Jul 21 2020

Pondering the Pundits

Pondering the Pundits” is an Open Thread. It is a selection of editorials and opinions from around the news media and the internet blogs. The intent is to provide a forum for your reactions and opinions, not just to the opinions presented, but to what ever you find important.

Thanks to ek hornbeck, click on the link and you can access all the past “Pondering the Pundits”.

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Elizabeth Warren: To Fight the Pandemic, Here’s My Must-Do List

The Senate needs to act now. There is no time to waste.

Americans stayed at home and sacrificed for months to flatten the curve and prevent the spread of the coronavirus. That gave us time to take the steps needed to address the pandemic — but President Trump squandered it, refusing to issue national stay-at-home guidelines, failing to set up a national testing operation and fumbling production of personal protective equipment. Now, Congress must again act as this continues to spiral out of control.

Those who frame the debate as one of health versus economics are missing the point. It is not possible to fix the economy without first containing the virus. We need a bold, ambitious legislative response that does four things: brings the virus under control; gets our schools, child care centers, businesses, and state and local governments the resources they need; addresses the burdens on communities of color; and supports struggling families who don’t know when the next paycheck will come. [..]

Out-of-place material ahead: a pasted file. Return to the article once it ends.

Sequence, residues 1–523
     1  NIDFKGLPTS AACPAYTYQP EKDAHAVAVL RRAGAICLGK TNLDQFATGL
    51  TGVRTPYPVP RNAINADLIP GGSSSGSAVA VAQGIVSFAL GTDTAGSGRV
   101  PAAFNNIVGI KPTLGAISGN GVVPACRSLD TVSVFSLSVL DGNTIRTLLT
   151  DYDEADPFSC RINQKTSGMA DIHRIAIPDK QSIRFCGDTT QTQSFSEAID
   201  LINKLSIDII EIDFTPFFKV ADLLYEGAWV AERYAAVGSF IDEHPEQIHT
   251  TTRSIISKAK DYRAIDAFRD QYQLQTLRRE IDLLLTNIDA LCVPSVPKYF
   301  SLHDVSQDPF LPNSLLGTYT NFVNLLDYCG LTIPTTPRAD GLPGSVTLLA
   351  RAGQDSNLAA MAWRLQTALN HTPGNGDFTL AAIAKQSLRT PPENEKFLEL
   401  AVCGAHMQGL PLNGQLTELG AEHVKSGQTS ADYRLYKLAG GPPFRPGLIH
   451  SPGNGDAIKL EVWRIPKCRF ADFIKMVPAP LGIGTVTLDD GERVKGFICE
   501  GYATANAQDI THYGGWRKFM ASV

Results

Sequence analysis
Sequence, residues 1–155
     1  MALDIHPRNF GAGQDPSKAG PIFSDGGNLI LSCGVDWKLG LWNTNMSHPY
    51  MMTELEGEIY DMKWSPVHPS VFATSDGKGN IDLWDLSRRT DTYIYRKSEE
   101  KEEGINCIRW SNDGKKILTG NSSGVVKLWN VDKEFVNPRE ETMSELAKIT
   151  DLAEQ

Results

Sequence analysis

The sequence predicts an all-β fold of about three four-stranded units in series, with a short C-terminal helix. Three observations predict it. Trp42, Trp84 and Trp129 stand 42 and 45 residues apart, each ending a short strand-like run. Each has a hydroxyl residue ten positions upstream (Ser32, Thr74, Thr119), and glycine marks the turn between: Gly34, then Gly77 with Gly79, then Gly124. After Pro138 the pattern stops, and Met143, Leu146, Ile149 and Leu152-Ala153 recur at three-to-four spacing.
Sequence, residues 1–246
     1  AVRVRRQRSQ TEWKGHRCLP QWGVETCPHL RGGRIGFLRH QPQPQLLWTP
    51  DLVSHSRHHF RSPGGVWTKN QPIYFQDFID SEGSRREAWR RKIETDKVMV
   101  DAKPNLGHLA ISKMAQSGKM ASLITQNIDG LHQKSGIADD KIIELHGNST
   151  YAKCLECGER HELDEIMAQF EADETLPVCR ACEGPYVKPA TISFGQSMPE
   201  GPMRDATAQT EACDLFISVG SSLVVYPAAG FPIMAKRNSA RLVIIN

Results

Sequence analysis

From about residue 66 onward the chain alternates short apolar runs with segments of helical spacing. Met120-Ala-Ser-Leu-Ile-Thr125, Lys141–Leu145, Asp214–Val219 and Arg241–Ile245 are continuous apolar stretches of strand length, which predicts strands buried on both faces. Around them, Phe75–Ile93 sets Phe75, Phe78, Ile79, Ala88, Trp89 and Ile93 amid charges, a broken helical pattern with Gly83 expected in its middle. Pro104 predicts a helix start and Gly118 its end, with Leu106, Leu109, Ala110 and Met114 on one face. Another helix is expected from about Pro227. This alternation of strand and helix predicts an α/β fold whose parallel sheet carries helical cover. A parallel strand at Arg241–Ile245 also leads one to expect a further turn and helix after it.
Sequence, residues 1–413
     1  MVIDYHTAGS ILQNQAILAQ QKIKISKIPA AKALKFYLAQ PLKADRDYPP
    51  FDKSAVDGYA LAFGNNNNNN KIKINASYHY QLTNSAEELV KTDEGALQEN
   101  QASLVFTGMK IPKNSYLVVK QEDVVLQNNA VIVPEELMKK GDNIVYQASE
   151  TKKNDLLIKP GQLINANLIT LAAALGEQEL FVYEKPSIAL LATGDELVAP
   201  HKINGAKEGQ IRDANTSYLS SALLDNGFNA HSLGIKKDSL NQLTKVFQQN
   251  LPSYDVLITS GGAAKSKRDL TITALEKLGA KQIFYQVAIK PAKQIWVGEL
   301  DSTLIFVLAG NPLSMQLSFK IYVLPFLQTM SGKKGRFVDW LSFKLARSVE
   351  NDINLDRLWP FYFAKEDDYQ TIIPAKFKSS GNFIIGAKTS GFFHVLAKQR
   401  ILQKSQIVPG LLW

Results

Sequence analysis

Our constituents are counting on us to deliver the relief they desperately need. The House passed a relief bill over two months ago. Now the Senate must act to contain the virus and to provide the funding so that our economy, our schools and our families can begin to recover. This is about saving lives and livelihoods — and we don’t have time to waste.

Paul Krugman: What You Don’t Know Can’t Hurt Trump

“Slow the testing down,” he said, and it’s happening.

We’re now at the stage of the Covid-19 pandemic where Donald Trump and his allies are trying to suppress information about the coronavirus’s spread — because, of course, they are. True to form, however, they’re far behind the curve. From a political point of view (which is all they care about), their disinformation efforts are too little, too late.

Where we are: In just a few days millions of Americans are going to see a drastic fall in their incomes, as enhanced unemployment benefits expire. This calls for urgent action; but avoiding economic calamity was always going to be hard, because Republicans in general have balked at providing the aid workers idled by the pandemic need.